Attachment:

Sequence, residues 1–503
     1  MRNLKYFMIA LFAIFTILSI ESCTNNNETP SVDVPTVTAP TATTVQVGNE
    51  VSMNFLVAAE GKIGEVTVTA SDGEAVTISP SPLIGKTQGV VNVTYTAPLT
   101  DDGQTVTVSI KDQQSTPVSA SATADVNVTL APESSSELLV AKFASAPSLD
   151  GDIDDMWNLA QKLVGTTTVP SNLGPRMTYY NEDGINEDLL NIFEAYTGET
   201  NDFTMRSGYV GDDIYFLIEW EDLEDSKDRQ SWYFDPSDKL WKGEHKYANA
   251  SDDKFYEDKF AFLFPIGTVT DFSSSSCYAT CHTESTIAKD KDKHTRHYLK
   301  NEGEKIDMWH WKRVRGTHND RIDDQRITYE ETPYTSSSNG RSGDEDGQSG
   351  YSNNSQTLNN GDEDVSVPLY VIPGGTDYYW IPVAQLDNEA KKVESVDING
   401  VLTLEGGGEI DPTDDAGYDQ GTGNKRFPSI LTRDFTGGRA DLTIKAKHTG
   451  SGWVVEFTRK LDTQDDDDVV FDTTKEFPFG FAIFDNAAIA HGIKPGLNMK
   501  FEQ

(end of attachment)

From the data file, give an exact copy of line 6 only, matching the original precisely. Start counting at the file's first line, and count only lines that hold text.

   201  NDFTMRSGYV GDDIYFLIEW EDLEDSKDRQ SWYFDPSDKL WKGEHKYANA